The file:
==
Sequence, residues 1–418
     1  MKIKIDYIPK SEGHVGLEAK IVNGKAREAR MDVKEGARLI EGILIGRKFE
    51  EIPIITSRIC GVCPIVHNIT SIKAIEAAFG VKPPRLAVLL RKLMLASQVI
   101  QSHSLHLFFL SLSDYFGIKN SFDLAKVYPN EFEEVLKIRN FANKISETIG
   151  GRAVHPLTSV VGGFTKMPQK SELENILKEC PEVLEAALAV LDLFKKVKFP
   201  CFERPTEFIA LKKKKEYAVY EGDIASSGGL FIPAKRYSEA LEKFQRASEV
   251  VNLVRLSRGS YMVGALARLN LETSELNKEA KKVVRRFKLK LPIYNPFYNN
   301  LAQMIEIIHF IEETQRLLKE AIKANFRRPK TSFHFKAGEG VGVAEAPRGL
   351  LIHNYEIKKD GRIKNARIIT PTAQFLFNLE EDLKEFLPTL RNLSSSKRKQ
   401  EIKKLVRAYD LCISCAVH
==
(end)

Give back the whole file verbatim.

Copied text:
Sequence, residues 1–418
     1  MKIKIDYIPK SEGHVGLEAK IVNGKAREAR MDVKEGARLI EGILIGRKFE
    51  EIPIITSRIC GVCPIVHNIT SIKAIEAAFG VKPPRLAVLL RKLMLASQVI
   101  QSHSLHLFFL SLSDYFGIKN SFDLAKVYPN EFEEVLKIRN FANKISETIG
   151  GRAVHPLTSV VGGFTKMPQK SELENILKEC PEVLEAALAV LDLFKKVKFP
   201  CFERPTEFIA LKKKKEYAVY EGDIASSGGL FIPAKRYSEA LEKFQRASEV
   251  VNLVRLSRGS YMVGALARLN LETSELNKEA KKVVRRFKLK LPIYNPFYNN
   301  LAQMIEIIHF IEETQRLLKE AIKANFRRPK TSFHFKAGEG VGVAEAPRGL
   351  LIHNYEIKKD GRIKNARIIT PTAQFLFNLE EDLKEFLPTL RNLSSSKRKQ
   401  EIKKLVRAYD LCISCAVH